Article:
Bring a tropical vibe to your home by picking up a plant in a high-quality planter at Planters Etc.

Warning: You should avoid this plant if you have cats or dogs because dracaena is poisonous to both.

13. Madagascar Dragon Tree (Dracaena Marginata)

best large indoor plant
©houseplantsexpert

Tall indoor plants like Dracaenas and Dragon Trees are really simple to grow. They are ideal for both extremely busy people and novice gardeners. These like low to moderate light levels; intense sunlight will scorch their leaves.

Because dracaenas can withstand drought conditions, you don’t need to water them frequently. One of the biggest reasons why a plant dies is from being overwatered. This plant may be watered as frequently as every three weeks, depending on how much light it gets.

Warning: Because the Dragon tree is hazardous to animals if consumed, keep pets away from it.

14. Olive Tree (Olea Europaea)

indoor plant
©Léon & George

If a dream Mediterranean vacation isn’t in the cards, an indoor olive tree may bring that wonderful beach appeal into your house. These lovely plants with long, thin branches and green leaves may be quite easy to care for in the correct circumstances – just think of the arid locations they naturally call home for some inspiration.

Yet, olive trees are basically not meant to be grown indoors. Be aware that these fruit-bearing trees need a lot of direct sunshine to produce fruit since they love it and need to be pollinated like any other tree. Moreover, they grow trees quite slowly. Yet, olive trees are hardy plants that may thrive for several years if properly cared for.

Care Tips For Large Indoor Trees And Plants

Best Large Indoor Plants
©Jay Scotts

Provide Adequate Light For Your Plants

One of the most prevalent causes of plant mortality is insufficient light levels, which include both too little and too much light. Make sure you know what type of plant you have and do some research on it.

Put your plants near a natural or artificial light source; however, keep in mind that simply placing your plants near direct sun or a window during the short days of winter will not be quite enough light for most plant species.

Yet, because photoreceptors in plants only absorb particular wavelengths of light, purchasing grow lights may be the only viable option in many circumstances. Most plants will thrive if they are exposed to 15-16 hours of light every day, whether it be natural sunshine or artificial light.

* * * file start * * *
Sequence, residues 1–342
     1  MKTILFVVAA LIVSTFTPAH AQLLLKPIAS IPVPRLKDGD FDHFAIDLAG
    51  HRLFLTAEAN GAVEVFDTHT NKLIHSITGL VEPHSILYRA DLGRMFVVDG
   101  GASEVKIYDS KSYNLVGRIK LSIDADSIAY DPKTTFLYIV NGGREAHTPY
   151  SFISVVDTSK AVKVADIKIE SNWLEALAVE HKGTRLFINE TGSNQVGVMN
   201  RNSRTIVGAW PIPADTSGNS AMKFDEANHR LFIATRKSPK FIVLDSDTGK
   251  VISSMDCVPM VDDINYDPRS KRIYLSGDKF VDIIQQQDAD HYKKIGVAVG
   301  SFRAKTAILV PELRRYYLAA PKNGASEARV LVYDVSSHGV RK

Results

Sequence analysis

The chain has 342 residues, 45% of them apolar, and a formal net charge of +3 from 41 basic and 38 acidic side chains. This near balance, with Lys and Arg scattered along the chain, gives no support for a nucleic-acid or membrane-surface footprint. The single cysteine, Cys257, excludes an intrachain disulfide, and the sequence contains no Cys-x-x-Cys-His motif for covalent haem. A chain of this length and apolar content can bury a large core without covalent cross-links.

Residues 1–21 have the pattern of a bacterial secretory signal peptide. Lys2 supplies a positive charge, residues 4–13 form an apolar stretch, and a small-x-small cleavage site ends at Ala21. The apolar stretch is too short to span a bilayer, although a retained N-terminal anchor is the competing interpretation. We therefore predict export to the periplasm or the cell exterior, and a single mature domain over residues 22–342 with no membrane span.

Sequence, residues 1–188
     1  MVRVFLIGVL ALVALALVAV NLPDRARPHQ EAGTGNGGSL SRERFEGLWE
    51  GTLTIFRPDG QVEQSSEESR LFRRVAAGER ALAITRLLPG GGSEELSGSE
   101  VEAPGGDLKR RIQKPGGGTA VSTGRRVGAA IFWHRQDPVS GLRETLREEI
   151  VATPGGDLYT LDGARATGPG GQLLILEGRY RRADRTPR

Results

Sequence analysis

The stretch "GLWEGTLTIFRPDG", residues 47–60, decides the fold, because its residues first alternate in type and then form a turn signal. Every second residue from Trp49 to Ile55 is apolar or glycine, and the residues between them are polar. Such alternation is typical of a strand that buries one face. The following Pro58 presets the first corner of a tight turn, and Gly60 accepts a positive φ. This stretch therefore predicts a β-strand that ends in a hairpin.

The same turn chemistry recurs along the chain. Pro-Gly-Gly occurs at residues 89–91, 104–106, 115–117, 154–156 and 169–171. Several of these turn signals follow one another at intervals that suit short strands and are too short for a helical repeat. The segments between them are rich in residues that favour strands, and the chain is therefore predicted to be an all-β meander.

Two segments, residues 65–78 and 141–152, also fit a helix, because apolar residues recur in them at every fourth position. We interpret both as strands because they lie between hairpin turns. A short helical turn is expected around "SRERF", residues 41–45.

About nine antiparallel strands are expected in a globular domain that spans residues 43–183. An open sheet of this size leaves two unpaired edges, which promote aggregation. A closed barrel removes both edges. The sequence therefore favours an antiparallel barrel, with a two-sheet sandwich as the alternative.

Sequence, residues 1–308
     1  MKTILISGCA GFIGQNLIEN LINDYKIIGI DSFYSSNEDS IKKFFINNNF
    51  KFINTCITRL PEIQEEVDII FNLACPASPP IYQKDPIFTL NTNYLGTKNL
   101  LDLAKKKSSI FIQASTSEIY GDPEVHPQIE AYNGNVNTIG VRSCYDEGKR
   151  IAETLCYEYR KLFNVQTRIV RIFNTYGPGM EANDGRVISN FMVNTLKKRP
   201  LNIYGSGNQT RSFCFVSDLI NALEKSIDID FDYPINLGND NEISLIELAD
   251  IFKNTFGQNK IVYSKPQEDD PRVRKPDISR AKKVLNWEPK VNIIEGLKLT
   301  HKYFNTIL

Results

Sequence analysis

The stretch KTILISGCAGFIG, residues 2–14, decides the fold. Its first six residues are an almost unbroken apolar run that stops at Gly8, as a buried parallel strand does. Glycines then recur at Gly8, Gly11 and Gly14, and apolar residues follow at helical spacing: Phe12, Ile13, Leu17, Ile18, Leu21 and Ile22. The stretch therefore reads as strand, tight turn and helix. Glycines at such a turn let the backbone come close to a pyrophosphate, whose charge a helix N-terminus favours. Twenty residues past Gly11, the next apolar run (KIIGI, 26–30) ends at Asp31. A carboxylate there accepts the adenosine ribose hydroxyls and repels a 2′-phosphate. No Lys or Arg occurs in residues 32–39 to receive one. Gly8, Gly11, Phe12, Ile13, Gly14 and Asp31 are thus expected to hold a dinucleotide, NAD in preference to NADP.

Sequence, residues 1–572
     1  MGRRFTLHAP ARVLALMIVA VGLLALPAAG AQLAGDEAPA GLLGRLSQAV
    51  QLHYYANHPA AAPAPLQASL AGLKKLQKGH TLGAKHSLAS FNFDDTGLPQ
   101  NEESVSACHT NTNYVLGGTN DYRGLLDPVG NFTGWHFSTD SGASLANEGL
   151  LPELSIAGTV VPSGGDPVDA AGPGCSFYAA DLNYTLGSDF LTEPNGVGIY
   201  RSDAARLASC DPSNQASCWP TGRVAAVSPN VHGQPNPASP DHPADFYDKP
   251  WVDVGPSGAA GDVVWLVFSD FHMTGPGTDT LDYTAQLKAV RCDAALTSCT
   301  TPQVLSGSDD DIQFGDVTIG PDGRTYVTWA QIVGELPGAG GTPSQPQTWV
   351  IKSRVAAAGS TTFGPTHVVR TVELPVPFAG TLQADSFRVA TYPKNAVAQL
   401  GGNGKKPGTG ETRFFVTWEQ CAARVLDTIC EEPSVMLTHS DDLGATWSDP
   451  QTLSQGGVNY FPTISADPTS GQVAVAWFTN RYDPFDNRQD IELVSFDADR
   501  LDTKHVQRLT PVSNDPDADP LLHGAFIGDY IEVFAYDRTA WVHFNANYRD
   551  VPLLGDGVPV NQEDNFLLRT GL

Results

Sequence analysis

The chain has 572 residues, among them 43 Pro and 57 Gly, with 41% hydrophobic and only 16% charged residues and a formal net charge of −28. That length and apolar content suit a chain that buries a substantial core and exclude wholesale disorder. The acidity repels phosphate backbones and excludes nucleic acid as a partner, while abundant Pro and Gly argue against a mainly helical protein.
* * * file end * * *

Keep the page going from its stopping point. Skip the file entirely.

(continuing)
Master Watering

Insufficient watering is frequently to blame when plants begin to fade – however, contrary to common perception, it’s not always for lack of effort on the side of the owner; many plants practically drown to their deaths in their pots!

If your plants are discolored, wilting from the stem to the leaves, or dropping lower leaves, they may be overwatered. Apart from taking a break from watering can ensure sure your planter has drainage holes at the bottom of tall plant so that excess water may escape without hurting your plant.

Underwatering, on the other hand, is likely to be the cause of your plants’ leaves drooping from the tips, turning brown around the edges, or dropping entirely too soon.

Don’t have drainage holes for your pots? Learn to Make Drainage for Potted Plants in 4 Easy Steps

Trim Or Prune

Container gardening requires the removal of dead leaves and unhealthy buds. The majority of leafy plants will prune themselves, but it will take time, so it is best to do it manually with garden equipment. Keep in mind that most trimming should be undertaken following a strong bloom in order to allow your plants room to “breathe”.

Many people feel that caring for potted plants is difficult. Some gardeners believe that container gardening is more convenient than traditional gardening since the pots may be moved and the environment to which they are exposed can be controlled.

If you intend to create your own container garden, you should go through our selection of garden containers, pots, and planters. We have a wide range of colors, sizes, and forms!

Relate article: Simple Guide To Prune Houseplants

large planters with trees
©Jay Scotts

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Planters Etc Offers The Best Planters For Your Indoor Plants

Using an aesthetic planter that complements the beauty of your plant is a no-brainer for your interior space, and we have just that!

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If you’re looking for gorgeous pots for these exquisite plants, simply visit our online store and save 10% on your first purchase!